One recent afternoon, Pattrick Chapman walked through the resource center near downtown Yakima, checking on residents and visitors and assuring security is maintained.
“There’s always stuff to do around here, mainly just helping folks, getting them through the metal detectors, security and stuff,” he said as he walked through the facility.
Chapman is the assistant resident manager at the newly erected Rhonda D. Hauff Resource Center, housed in the former Roy’s Market at 201 S. Sixth St.
The center, run by Yakima Neighborhood Health Services, offers temporary housing for up to 37 people and provides case managers who connect residents to services such as health, long-term housing and jobs.
The center also serves as a drop-in site for homeless people still on the streets seeking services or to grab a cup of coffee and visit.
The center focuses on the chronically homeless, those who have been homeless a year or longer, or those who have experienced homelessness multiple times during the past four years.
Most chronically homeless people face several barriers — including substance abuse, mental health problems and physical ailments — that have kept them living on the streets.
Providing services to help them overcome those barriers is the center’s aim. Each resident is required to meet with a case manager three times a week. The manager helps them manage money, seek work or gain job training as well as other life skills, said Neighborhood Health spokeswoman Leah Ward.
“We want them to be successful, so we really wrap the services around them as much as possible,” she said.
Since opening in March, the center has housed as many as 25 people at one time, and helped at least two transition into long-term housing, Ward said.
Currently, there are 18 people including two families staying at the center, she said.
The center has 22 housing units, each resembling a college dorm, as well as laundry, kitchen and bathroom facilities. There’s also a spacious lounge area where there’s a large TV for residents and visitors to relax, drink coffee and socialize.
Getting the center up and running hasn’t been easy. At first, Neighborhood Health wanted to erect a homeless shelter at the defunct market that it purchased for about $600,000 in 2015.
Neighbors opposed the idea, and a former City Council rejected the project despite a hearing examiner’s ruling that it should be allowed.
The project gained traction after elections led to new council members and Neighborhood Health tailored the project’s model more toward transitional housing with wrap-around services.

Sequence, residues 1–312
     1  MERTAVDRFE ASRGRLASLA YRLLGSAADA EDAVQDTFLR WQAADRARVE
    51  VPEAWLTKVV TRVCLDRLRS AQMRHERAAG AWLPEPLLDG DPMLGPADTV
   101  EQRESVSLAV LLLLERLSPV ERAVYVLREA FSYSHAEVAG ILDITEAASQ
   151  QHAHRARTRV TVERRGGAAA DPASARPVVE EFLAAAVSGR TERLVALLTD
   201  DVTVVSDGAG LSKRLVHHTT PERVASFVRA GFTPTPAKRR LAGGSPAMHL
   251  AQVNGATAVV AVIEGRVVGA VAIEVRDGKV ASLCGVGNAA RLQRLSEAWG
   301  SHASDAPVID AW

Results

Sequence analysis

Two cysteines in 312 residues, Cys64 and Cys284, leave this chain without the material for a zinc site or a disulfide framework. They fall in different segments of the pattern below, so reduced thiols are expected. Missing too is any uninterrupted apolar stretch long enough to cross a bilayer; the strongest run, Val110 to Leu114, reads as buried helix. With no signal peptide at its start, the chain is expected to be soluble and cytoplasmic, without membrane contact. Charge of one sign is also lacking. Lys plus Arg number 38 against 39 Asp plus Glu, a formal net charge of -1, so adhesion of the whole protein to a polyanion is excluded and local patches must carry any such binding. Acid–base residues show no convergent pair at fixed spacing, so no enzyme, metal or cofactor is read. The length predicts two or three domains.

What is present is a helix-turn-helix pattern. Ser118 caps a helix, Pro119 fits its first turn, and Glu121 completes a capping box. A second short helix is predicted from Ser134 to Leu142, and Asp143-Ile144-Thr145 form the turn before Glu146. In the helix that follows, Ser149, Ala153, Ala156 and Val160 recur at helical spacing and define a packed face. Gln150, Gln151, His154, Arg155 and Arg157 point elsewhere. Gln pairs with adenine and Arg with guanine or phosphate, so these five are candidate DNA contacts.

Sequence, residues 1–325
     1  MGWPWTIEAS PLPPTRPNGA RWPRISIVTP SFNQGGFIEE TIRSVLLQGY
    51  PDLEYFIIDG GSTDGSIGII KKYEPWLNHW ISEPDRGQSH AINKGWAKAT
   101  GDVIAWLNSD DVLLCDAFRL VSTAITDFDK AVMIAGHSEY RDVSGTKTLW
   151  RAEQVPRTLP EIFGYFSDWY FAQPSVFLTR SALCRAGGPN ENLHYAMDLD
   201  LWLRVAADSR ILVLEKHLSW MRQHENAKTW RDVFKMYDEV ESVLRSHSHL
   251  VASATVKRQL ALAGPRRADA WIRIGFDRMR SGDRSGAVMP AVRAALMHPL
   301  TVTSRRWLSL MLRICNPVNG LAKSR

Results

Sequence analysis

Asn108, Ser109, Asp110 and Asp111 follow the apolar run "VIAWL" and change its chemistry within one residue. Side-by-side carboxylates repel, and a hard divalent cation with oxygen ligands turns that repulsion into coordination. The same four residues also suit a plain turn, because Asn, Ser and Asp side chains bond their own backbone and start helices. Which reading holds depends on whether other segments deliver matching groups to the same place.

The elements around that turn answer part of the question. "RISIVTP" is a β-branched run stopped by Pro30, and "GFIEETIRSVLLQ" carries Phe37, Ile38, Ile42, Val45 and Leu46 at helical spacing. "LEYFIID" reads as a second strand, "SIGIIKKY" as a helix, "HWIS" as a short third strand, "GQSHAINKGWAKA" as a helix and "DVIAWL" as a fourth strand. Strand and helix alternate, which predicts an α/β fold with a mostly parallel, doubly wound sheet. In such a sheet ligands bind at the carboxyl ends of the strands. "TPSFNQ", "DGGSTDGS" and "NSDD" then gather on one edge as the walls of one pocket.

Neighborhood Health spent nearly $5 million in grants, loans and local donations renovating the building.
Rhonda Hauff, Neighborhood Health’s chief operating officer, said the project is already proving itself.
“It’s up and running and it’s serving the population we intended to serve,” she said. “You never give up, and we have so many success stories that show people are living healthier and leading healthier lives.”
There haven’ t been any problems reported regarding center operations, said Anita Monoian, CEO of Neighborhood Health.
“And the feedback from the neighborhood that opposed it is positive, and that feels good,” she said.
Everyone who comes into the center must walk through metal detectors for security purposes, and there’s a control room where staff members monitor the several surveillance cameras throughout the facility.
For Terry Kimble, the center “is a blessing.” He suffered a stroke, landed in a hospital and lost his low-income apartment in Seattle as result.
Kimble, 53, said he came to Yakima where he has family, but ended up at the Union Gospel Mission, where he suffered a second stroke that’s caused severe paralysis on his left side.
Eventually, he was able to connect with Neighborhood Health and was given a place at the center, where residents can stay up to two years so long as they abide by the rules.
The center opens to the general public at 9 a.m. and residents have a 10 p.m. curfew, at which time the center closes to the public.
Kimble has no problems with the rules. He’s glad to have a warm place to sleep, shower and shave.
“I’d be homeless again if this place wasn’t here,” he said. “I was blessed. I was really blessed.”
Chapman, 43, can relate to those served at the center. He was homeless more than a year ago with his girlfriend, who was pregnant with his baby.
He vividly remembers leaving her at a temporary shelter to go score drugs while she was in her eighth month of pregnancy. They both struggled with meth addiction.
She was gone when he returned, he said.
Chapman said he was worried. She’d never just up and disappear, he said.
She returned later after talking to a case manager at Neighborhood Health.
“We got housed,” he said she told him.
A month later in August, their son was born. They got clean, and he began working clearing walls of graffiti in town in a program jointly operated by Neighborhood Health and the city.
He stuck with it, and the center hired him not long after opening.
He knows a lot of the people who come in looking for help.
“It’s really cool because I see folks coming from where I came from — rock bottom,” he said. “It tells people that in a year from now they can make as much progress as I did.
“I really feel proud of where we are at,” Chapman said of himself and his girlfriend.